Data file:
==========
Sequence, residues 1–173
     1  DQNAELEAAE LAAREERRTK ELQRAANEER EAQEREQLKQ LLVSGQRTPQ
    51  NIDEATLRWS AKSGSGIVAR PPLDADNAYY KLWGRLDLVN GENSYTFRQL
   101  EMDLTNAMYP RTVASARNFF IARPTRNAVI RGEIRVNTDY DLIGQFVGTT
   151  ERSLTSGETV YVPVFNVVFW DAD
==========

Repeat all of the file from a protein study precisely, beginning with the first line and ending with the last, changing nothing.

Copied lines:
Sequence, residues 1–173
     1  DQNAELEAAE LAAREERRTK ELQRAANEER EAQEREQLKQ LLVSGQRTPQ
    51  NIDEATLRWS AKSGSGIVAR PPLDADNAYY KLWGRLDLVN GENSYTFRQL
   101  EMDLTNAMYP RTVASARNFF IARPTRNAVI RGEIRVNTDY DLIGQFVGTT
   151  ERSLTSGETV YVPVFNVVFW DAD